Something we always tend to need for a game like Diablo is, of course, fire! When time permits, we plan for some time to record sounds out in the field. For Diablo IV, one of the first big recordings we did as a team was a desert fire session before the lockdown for COVID-19. We traveled far from Blizzard HQ to record various types of fire sounds in the deserts of California, armed with multiple recording rigs and microphones. Thankfully, since it was wintertime, it wasn’t too hot during the day and just a bit cold at night. While our main goal was to capture fire, we ended up capturing all kinds of other sounds we have used during production, like ambience, rocks impacts, foliage movements, wood impacts, door slams, wooden cabin creaks, metal impacts, and scrapes.
Firebolt and Inferno
Some of the fire recordings were then used specifically for the Sorcerer skills Firebolt and Inferno. For the skill Firebolt, we recorded sets of wispy and smoldering flame whooshes using a fire staff or a dried-out medium-sized log of wood and performed the sound in various ways around sets of microphones. Once we had a nice assortment of different types of fire sounds, we then edited and processed those fire whooshes into game-ready one-shot audio files for the casting and impact sounds, as well as longer loops for the projectile traveling through the air. It all comes together as one cohesive-sounding experience once we get it hooked up in the game to play back as the entire skill sound effect set for Firebolt.
For the Inferno Sorcerer skill, we then used other takes of the fire recordings and processed them to sound more aggressive and powerful for the larger skill. Just like Firebolt, there’s a set of casting one-shot sounds, a set of loops, and another set of one-shots for when the snake form constricts its body. One cool thing about the Inferno skill is that while it’s fire, it’s fire that has taken the form of a snake. Because of this form, we are able to take some liberties on pushing it away from just fire sound design. We added some light snake-rattling SFX paired with a darker-toned ethereal end to the skill sound to make it feel a bit more magical. When all these pieces re-trigger in-game, it will always sound like the same skill, but be slightly different each time—which increases the replayability sound-wise.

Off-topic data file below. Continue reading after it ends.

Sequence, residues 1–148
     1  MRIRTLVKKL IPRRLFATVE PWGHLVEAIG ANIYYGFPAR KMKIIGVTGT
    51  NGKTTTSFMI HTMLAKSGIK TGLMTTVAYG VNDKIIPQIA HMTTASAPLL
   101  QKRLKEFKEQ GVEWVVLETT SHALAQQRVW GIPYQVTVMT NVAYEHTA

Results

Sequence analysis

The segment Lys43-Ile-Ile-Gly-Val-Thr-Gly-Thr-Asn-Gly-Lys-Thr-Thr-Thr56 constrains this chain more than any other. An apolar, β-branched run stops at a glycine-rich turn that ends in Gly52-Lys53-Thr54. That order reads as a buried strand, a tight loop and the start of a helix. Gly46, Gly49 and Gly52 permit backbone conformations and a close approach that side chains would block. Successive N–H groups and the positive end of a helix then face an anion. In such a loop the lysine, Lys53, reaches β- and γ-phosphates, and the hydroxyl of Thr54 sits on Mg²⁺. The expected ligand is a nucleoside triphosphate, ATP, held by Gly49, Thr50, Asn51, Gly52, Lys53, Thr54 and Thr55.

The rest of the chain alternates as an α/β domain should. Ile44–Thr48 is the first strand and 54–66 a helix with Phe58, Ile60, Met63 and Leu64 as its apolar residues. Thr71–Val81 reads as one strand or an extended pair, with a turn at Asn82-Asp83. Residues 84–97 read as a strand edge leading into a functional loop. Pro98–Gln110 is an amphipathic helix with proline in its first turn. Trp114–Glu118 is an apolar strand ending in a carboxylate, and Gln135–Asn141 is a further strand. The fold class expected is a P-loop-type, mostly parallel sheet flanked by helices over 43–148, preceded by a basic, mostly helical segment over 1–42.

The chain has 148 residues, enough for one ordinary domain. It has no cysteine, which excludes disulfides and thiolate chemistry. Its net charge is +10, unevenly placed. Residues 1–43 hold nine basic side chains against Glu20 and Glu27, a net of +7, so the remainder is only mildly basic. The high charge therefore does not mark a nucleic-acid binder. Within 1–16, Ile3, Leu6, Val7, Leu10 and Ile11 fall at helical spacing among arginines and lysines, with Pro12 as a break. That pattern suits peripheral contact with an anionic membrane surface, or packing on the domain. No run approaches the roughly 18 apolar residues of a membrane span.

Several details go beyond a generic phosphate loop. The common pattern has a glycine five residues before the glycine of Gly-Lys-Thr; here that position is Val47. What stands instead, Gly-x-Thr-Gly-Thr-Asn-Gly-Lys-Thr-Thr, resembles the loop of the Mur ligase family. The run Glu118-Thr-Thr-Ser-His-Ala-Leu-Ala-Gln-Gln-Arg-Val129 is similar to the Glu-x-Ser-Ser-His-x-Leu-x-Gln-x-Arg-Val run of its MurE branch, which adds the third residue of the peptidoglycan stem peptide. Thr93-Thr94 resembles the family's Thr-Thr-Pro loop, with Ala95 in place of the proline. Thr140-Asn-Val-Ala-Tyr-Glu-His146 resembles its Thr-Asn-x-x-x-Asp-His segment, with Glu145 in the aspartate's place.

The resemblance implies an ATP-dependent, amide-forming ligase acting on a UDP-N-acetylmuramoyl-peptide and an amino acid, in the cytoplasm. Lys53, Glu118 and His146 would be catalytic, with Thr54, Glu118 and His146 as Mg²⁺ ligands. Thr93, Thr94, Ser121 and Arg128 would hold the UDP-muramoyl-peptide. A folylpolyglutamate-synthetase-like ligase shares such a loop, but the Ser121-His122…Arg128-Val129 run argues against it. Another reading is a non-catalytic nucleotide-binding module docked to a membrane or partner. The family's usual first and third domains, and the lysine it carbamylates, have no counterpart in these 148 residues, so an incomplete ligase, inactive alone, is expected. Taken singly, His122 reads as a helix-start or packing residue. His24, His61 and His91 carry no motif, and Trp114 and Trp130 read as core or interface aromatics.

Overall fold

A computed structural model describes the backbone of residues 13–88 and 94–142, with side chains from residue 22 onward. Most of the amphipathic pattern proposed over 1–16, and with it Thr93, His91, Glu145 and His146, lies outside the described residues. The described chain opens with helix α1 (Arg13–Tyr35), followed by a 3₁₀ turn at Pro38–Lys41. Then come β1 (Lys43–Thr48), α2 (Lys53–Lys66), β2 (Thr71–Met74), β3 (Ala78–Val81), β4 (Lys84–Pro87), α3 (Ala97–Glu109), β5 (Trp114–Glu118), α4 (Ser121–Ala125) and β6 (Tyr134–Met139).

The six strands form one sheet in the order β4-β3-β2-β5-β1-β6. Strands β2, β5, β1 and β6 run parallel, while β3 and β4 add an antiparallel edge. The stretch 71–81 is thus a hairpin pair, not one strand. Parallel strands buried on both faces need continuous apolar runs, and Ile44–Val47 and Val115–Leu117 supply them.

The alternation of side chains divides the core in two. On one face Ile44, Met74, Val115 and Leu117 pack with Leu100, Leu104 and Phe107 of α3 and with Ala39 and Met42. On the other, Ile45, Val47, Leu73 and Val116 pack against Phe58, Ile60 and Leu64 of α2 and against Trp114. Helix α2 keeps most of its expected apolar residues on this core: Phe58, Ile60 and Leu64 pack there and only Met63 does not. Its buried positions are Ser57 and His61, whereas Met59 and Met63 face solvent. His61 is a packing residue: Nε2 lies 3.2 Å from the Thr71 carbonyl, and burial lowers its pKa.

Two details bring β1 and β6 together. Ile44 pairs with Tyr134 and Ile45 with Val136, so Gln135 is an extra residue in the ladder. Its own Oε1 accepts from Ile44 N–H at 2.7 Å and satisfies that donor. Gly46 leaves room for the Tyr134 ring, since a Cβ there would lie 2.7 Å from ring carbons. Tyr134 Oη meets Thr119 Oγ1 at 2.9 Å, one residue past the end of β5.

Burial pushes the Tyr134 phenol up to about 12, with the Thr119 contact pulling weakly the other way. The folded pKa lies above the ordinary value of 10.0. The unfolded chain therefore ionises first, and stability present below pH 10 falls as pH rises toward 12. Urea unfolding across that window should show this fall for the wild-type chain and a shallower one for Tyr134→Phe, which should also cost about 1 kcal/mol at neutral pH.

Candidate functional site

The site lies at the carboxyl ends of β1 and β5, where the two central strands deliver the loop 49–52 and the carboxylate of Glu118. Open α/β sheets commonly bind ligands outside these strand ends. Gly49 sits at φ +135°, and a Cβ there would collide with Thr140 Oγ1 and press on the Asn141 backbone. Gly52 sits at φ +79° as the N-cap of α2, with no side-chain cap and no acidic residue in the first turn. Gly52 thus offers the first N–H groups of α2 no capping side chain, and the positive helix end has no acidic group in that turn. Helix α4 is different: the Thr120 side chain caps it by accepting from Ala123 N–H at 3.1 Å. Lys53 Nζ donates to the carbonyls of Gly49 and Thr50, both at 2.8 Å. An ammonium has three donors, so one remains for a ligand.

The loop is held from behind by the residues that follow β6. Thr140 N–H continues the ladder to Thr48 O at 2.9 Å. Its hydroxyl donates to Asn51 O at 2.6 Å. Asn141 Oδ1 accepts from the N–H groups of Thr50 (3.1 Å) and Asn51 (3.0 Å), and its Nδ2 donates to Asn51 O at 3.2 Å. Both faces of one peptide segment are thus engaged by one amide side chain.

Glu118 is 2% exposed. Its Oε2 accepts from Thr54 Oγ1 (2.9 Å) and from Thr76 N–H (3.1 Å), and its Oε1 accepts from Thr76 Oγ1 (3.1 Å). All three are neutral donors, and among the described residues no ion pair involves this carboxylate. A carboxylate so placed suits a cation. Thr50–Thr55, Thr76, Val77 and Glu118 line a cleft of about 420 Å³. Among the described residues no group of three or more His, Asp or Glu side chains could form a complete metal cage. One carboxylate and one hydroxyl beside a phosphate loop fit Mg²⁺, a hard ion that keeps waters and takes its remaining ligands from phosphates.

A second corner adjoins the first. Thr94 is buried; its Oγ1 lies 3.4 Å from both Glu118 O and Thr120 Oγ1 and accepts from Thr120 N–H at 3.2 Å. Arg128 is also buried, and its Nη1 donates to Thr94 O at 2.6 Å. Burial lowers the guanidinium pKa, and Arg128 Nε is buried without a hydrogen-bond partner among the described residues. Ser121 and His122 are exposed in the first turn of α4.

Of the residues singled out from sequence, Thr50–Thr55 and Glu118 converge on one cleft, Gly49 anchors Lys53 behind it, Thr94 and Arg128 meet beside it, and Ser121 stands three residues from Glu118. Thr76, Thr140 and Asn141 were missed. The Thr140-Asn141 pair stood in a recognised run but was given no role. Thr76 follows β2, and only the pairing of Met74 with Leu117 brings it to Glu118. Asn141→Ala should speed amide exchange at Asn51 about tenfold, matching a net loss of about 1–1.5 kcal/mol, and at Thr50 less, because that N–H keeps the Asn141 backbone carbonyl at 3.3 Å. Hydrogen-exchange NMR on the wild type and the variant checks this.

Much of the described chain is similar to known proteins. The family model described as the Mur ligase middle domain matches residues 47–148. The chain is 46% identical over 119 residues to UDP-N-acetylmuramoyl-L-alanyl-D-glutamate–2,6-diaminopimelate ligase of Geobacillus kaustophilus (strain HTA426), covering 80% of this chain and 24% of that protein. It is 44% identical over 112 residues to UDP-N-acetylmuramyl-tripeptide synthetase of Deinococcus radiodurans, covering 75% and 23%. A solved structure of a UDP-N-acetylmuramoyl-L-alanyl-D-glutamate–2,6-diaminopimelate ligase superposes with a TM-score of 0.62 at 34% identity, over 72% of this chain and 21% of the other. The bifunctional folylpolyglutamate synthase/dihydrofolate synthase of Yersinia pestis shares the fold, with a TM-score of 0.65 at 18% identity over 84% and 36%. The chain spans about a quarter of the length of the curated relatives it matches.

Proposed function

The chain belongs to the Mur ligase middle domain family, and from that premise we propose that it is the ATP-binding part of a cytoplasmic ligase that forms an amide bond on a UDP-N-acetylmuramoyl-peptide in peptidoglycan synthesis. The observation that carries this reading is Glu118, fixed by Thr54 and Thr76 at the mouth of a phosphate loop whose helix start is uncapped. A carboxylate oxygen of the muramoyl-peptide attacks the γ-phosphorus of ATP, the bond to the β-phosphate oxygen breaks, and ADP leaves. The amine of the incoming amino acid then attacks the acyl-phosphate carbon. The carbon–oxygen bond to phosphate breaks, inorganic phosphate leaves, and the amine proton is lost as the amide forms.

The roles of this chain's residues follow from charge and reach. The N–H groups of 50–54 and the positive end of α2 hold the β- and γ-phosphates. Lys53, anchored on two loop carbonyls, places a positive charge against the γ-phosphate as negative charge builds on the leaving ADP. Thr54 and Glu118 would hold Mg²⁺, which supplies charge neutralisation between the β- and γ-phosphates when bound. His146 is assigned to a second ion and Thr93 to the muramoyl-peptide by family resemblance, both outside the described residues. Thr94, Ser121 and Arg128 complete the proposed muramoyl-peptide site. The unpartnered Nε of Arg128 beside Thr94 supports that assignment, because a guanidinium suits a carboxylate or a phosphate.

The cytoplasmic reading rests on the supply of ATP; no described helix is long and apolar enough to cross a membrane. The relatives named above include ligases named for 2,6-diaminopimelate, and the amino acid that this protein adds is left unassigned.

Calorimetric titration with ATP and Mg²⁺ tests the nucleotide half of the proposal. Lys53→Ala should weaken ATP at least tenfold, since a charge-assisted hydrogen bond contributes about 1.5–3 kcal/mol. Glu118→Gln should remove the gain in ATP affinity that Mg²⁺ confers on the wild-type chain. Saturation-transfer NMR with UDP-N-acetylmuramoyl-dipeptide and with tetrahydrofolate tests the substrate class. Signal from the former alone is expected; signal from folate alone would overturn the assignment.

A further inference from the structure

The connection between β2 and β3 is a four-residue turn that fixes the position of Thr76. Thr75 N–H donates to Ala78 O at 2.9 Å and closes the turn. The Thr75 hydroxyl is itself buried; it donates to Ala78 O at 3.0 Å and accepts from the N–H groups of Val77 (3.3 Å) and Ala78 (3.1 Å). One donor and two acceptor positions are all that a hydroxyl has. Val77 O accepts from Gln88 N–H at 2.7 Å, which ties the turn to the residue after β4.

Monster Sound Design
Diablo games wouldn't be as fun if you didn't have monsters to slay. One of the most fun things about working on a Diablo game is the vast amount and variance of monsters that exist. This makes monsters ripe for both experimental and more traditional sound design, so let's dig into some monster sound design for foley and voice.
The combination of expert animation and AI brings life and personality to the creatures as they undertake their nefarious activities. When we start the audio process for a brand-new monster, I always recommend that the sound designers start by adding footsteps and foley (clothing or skin) to their movement animations. The moment the creature has footsteps and foley, the creature's cadence and rhythm of their movement really comes to life. It’s at this point I consider that they are becoming grounded and attached to the world. This also dictates how vocal they might sound based on their patterns of movement.
The next layer that finishes the birthing of the creature into existence is their voice exertions. These are the grunting or yelling sounds of them exerting at the player as they attack, or the screams of pain as you take them out one-by-one. Each monster family can be quite different from the next, so depending on the type of monster, we might have intense sound design layers of animalistic-type sounds or even everyday objects that we will manipulate to sound like a screech or scream to create a layer within that final voice. Other times it can be simpler, as we’ll hire creature voice actors to help create the core tone of the monster’s voice that we can then build around with other sounds.
In the case of the Wood Wraith, it's almost fully sound designed from wood creaks and strains processed to extreme lengths and choosing the right sounds to convey emotion. The Wood Wraith was a blast to sound design as it’s mostly freaky and creaky wood sounds, with a touch of very low-pitched human tone underneath it all.
Another monster we had the pleasure of working on is the disgustingly awesome Fly Host. This beast walks around birthing flies to attack the player. We ended up using some of our early gore session recordings where we ripped and smacked cabbages and melons, and stirred and squished mayonnaise, salsa and a delicious 7-layer dip into a not-so-great smelling slurry to make some great slimy and disgusting sounds to use in our sound design.
Open World Ambience
One of the audio pillars for Diablo IV is “Living Audio”. What this means is that the soundscape is ever evolving and never static. This pillar is built deep into the sound design variations we create for all types sounds, including when it plays back real-time in the game— especially the ambience. Because of the importance of the massive open world, we wanted to give the ambience as much detail as possible and think of it on the same level of Hero sound design. Having the audio and the systems changing subtly over time is key to this pillar. We always want the subtle changes in ambience (that might not be very noticeable) less repeatable and feel more natural and immersive overall.